Stars of the Alaska flag on 12th fret
A year and a half or so ago I received a request for a ukulele from a fellow who's signature included at the bottom of his message said he was from Alaska. That piqued my interes for obvious reasons, and it turns out he is in charge of the helicopter safety for the very well respected glacier guiding company I used to work for. We missed each other by several years so he had no idea my connection to Juneau when he randomly came upon my work via my website. That is one of my favorite parts of my job, I never know when I will meet someone incredible, or have an opportunity to make something for someone with a shared interest. A few weeks ago I finally I set about making a ukulele that paid tribute to our mutual love of southeast Alaska. The time has finally come that I am able to deliver it, so Nick and I are flying up a week from today to do just that. Hopefully we will get to take a little walk on the Mendenhall glacier while we are at it. 

For good measure, I made another ukulele for some old friends whom I have known just about my whole life, but now live in Anchorage. I figure Nick and I might as well visit there while we are at it. I made a copy of my friend's OM-18 that my dad made for her several years ago, complete with the eight point quilt square on the headstock. I worked a trade on this ukulele, as I have been paid in fresh caught Alaskan salmon and halibut for the past couple of years. While this ukulele sounds great, I think perhaps I have come out on the winning end of that deal. 

Before you go, I want to share a little something with you. Below is an excerpt from an email I sent to my friends and family the week in May that I began working in Juneau that first summer. I was searching my email for 'Alaska Air' to send my itinerary to some friends, and this one popped up as a potential match for my search. While it has nothing to do with guitars or ukuleles, I hope you enjoy a little snippet of my time there, so you can more fully appreciate my excitement upon returning to the great white north next week.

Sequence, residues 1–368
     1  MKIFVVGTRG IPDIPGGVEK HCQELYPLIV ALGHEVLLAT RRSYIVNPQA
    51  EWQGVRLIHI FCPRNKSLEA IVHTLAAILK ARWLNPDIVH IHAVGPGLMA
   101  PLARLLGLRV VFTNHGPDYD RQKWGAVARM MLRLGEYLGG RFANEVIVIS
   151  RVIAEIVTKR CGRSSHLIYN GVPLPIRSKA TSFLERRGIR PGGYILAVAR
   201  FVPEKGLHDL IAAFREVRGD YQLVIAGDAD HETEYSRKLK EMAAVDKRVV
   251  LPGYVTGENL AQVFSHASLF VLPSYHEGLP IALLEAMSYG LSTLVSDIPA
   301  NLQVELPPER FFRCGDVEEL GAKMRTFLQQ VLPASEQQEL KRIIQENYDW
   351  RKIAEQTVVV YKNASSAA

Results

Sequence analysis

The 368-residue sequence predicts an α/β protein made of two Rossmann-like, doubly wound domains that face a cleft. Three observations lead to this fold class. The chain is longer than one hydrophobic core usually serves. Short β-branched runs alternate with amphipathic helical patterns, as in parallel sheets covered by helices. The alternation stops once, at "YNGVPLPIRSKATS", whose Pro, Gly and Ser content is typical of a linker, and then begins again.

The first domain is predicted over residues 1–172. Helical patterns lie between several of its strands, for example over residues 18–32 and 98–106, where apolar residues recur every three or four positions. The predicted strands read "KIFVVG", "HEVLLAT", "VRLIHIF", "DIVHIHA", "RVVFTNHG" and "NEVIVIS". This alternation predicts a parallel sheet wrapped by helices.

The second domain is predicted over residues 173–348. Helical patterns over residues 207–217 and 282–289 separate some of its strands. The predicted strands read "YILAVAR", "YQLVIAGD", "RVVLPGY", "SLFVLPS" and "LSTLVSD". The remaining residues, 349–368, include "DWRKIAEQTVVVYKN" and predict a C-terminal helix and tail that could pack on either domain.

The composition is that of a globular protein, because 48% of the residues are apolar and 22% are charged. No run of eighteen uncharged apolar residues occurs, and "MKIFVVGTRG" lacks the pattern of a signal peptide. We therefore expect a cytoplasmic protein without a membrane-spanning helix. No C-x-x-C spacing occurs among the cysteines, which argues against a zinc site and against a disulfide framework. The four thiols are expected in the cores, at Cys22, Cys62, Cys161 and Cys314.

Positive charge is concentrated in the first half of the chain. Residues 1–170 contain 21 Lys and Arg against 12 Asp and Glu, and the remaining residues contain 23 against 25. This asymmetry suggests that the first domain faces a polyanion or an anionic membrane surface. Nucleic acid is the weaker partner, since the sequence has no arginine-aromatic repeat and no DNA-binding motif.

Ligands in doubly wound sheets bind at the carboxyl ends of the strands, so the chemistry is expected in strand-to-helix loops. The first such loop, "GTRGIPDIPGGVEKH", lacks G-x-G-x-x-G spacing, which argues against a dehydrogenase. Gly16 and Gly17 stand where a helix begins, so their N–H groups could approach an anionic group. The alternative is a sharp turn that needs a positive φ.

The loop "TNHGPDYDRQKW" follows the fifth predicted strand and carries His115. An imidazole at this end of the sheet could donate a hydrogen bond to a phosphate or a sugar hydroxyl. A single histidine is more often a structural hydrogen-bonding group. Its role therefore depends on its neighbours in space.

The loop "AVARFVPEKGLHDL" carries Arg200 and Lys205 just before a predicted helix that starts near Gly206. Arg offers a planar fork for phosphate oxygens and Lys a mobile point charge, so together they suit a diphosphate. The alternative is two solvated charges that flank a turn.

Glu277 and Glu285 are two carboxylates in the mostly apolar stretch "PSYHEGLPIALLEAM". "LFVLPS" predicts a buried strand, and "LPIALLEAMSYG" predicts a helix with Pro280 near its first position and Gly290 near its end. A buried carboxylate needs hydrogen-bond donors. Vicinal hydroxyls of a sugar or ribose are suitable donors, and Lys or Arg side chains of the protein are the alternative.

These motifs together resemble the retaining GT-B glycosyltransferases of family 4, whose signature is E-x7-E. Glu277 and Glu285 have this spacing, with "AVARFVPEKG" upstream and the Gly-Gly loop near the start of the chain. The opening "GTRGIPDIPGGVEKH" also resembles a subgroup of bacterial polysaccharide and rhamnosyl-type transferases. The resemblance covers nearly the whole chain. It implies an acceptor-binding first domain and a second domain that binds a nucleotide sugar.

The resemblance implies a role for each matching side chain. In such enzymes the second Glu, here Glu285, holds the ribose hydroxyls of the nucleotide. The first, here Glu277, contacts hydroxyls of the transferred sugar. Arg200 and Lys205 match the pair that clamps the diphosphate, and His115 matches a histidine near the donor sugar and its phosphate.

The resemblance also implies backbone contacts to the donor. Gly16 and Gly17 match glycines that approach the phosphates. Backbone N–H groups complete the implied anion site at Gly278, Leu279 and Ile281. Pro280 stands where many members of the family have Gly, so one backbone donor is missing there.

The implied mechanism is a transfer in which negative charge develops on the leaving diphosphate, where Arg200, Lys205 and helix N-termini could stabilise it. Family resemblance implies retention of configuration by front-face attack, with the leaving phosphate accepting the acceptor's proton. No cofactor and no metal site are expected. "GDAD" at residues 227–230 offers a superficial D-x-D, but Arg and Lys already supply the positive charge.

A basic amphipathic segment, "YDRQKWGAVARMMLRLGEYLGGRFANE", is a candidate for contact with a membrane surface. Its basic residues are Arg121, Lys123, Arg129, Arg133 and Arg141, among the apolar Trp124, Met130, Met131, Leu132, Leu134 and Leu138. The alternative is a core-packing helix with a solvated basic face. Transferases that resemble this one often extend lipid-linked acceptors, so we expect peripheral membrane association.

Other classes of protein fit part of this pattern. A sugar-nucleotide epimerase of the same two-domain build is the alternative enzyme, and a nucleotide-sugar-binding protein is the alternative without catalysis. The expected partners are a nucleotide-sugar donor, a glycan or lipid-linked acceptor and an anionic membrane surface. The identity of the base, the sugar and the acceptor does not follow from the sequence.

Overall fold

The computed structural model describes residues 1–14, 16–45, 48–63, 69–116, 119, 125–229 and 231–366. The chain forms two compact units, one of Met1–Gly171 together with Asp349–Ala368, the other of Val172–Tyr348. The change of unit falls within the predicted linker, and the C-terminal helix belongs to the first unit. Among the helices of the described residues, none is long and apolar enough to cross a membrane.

I started my job on Friday. The weather was chilly but not too cloudy. I had about 5 minutes to learn how to drive a trailer and be a tour guide. Saturday was my fist official day of work.That day I shadowed a seasoned guide leading a group then she had me lead the second group. The cove we paddle to amazingly beautiful, with a fantastic view of the Menedenhall Glacier in the distance. The water is definitely freezing since it is primarily runoff from the glacier, but the sun really warms up the air

As I lead my first group of tourists across the water, I attempted to rattle off some Alaska trivia. Unfortunately the only information I have retained so far are the strange random bits since I had about the time one spends picking out paper towels at the grocery store to learn the tidbits from a sheet of paper the company provided. So, now these people are aware that the whole of Alaska can hold 420 Rhode Islands...And Douglas Island (the smaller island running parallel to Juneau proper that we set off from each day) is named after the Bishop of Salisbury.